Resolving Workplace Conflict

Conflict at the workplace is inevitable, and that’s because where human beings are involved, there is bound to be difference in opinion.

Conflict arise from so many reasons, ranging from poor communication to someone just having a bad day. As a leader, when such cases are brought to your attention, wishing them is never the best approach. Taking sides or pointing fingers just makes the conflicting parties confirm that you cannot be trusted to resolve their issues.

Over the years of practice, I have learnt not to take anything on the face value. People can pretend very well, some will manipulate you with tears so you can take their side. My unorthodox way of dealing with conflict at work is assuming that all of them are guilty, until the facts prove each one of them innocent. When a complaint is brought to your attention, it is important to listen very carefully to the complainant. Take notes for reference purposes. You must also listen separately to the accused too. Do not pass any judgements at this stage or draw conclusions. You must then bring the two conflicting parties together so each one of them can repeat exactly what they said. This is where the truth will come out, and sometimes, you will see that the stories will begin to change. It is sometimes necessary to have a third party present, like a Supervisor, as a witness when resolving the issue, depending on the sensitivity of the matter.

Resolving conflicts is not about pleasing anyone but helping the conflicting parties find a solution. Being too quick to offer solutions in such cases may work against you and therefore, you must allow both parties to find their own solution to their problems. The idea is to deal with the facts as presented and not make a decision based on emotions. As I said before, some people will literally weep in your presence in order to get your sympathy. Sweeping employee complaints under the rag and hoping that they will go away on their own is wrong. The truth is that they never go away, instead, they blow up when you least expect and what comes back to you is that, you were notified of the issues and you did nothing.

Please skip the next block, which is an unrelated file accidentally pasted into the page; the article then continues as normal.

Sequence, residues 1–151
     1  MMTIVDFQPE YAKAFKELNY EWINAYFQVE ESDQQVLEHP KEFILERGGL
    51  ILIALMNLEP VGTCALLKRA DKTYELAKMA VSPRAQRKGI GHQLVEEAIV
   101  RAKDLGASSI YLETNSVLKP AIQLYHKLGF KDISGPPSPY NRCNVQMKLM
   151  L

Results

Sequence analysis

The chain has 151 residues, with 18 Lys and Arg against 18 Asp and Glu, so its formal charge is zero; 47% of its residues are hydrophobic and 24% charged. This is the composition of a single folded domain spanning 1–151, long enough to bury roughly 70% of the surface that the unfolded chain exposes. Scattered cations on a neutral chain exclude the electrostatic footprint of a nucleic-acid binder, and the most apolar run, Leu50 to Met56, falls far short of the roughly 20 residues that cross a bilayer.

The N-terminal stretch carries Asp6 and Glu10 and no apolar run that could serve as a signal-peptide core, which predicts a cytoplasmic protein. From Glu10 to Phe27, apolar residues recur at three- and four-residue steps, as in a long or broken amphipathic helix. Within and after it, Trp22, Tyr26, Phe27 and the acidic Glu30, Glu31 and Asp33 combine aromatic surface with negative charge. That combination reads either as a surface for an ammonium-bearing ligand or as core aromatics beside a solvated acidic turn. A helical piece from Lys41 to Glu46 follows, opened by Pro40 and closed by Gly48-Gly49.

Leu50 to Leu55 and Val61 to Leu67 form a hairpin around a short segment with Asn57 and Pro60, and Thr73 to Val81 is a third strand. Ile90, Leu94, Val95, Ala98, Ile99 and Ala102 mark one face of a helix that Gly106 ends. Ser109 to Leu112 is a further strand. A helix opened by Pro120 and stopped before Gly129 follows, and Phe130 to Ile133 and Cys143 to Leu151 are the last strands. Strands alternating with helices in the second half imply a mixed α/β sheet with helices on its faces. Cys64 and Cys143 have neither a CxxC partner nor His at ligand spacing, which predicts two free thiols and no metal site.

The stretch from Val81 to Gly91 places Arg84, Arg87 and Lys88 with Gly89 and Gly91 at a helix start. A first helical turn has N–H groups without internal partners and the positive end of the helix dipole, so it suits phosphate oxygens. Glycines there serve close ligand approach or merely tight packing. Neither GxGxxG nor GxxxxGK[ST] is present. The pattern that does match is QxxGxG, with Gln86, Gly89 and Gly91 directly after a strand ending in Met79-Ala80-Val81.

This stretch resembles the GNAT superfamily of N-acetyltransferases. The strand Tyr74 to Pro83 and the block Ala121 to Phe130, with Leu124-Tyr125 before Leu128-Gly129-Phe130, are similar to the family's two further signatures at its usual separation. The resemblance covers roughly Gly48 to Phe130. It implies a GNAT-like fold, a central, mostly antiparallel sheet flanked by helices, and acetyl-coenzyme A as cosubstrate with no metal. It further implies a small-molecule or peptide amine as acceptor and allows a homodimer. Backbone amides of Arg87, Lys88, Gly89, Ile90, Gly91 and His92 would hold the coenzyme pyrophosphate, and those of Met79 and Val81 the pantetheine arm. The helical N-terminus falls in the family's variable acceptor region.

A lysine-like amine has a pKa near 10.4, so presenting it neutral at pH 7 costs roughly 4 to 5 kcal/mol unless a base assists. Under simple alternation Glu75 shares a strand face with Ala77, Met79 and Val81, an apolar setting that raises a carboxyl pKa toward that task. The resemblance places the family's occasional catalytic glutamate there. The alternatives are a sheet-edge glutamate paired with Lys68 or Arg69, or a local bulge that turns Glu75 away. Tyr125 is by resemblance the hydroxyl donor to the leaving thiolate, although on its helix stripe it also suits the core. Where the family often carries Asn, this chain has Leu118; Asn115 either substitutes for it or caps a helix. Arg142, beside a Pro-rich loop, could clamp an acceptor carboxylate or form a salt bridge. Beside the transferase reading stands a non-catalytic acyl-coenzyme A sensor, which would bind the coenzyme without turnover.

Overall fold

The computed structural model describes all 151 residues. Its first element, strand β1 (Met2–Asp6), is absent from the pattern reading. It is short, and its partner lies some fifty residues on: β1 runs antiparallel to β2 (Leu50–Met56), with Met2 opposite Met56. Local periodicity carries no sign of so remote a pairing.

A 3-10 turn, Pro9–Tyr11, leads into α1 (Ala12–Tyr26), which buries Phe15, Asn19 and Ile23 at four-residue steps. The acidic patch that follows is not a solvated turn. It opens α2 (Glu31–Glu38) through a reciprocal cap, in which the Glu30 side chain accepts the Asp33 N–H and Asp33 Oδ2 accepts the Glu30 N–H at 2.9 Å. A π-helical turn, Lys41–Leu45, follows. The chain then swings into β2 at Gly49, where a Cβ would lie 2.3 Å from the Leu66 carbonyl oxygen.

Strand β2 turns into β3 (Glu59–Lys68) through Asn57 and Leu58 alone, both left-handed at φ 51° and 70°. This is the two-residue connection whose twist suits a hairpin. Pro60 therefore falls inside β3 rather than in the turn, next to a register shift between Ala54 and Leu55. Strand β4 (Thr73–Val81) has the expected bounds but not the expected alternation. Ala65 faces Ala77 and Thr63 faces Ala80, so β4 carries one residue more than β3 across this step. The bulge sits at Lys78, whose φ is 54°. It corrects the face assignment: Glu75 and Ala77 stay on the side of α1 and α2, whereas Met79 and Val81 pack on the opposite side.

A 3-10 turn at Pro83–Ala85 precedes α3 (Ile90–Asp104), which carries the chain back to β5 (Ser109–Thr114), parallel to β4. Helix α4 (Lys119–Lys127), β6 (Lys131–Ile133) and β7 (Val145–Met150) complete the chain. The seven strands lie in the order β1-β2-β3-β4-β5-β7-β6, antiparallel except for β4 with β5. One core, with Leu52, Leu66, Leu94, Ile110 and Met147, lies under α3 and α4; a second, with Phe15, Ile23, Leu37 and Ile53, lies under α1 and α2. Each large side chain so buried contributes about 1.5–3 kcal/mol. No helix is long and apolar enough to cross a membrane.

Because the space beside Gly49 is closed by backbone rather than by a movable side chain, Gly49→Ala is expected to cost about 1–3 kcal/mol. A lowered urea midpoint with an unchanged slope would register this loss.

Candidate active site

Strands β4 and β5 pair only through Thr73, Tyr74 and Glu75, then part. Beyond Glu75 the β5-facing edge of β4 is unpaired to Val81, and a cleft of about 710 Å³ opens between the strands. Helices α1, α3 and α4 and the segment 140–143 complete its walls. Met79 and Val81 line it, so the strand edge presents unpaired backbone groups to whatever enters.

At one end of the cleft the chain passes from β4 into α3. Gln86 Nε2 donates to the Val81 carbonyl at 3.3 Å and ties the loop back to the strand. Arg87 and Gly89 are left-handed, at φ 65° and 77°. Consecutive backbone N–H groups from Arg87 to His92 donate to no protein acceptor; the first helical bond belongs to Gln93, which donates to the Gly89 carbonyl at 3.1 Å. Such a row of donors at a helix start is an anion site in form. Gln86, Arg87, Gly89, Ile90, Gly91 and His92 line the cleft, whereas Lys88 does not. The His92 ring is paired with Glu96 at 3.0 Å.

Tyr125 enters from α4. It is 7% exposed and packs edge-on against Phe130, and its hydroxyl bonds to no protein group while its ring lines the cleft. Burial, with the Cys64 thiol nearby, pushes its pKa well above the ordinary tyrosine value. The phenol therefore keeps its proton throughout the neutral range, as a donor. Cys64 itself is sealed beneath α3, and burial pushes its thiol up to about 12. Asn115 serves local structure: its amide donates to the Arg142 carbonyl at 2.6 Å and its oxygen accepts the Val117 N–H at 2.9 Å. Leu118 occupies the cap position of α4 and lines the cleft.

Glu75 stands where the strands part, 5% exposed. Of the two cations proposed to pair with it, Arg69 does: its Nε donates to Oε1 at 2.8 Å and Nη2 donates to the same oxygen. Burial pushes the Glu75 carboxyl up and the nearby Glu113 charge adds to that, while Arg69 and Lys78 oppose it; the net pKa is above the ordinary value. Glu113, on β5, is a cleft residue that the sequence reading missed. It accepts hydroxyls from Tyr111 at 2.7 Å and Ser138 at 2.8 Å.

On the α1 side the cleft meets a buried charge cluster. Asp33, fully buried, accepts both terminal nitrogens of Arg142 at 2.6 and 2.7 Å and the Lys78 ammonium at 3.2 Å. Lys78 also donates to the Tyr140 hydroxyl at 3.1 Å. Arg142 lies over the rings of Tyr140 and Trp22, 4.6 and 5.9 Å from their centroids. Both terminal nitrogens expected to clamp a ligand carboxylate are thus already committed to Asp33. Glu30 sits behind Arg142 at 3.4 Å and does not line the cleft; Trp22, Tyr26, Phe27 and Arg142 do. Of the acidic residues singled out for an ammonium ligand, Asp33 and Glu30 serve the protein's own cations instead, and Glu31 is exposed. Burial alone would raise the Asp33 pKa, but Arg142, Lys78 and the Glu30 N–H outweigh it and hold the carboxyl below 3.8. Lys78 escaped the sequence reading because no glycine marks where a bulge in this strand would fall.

As a HRM or a Leader, you must define very clearly to the employees or your team what is acceptable behavior and avoid all forms of emotions when resolving conflicts. Always remember that nothing is always as it seems, so sift through the facts. Sometimes, finding a solution to the conflict will not be in black and white, so as a leader, it is up to you to do what is right.

  • Lucy says:

    Well put. How about when top management uses its political muscle totally disregarding the laid down procedures. I have seen a situation in an international setting where there are unresolved conflicts to an extent where employees are dismissed without looking at the merits or facts of the case. How would you resolve such a problem?

    • Sometimes employers are guided by their emotions rather than the facts and as such, they end up making critical decisions like summarily dismissing a staff without following the procedures. In that case therefore, an employee has the right to complain through the different channels the government has set in order to demand for far hearing. Such places where you may register your complaint include the Labour Office, Kituo cha Sheria, your Union (if you are a Unionized staff) or the Industrial Court, among others.

  • Milly knight says:

    Well put

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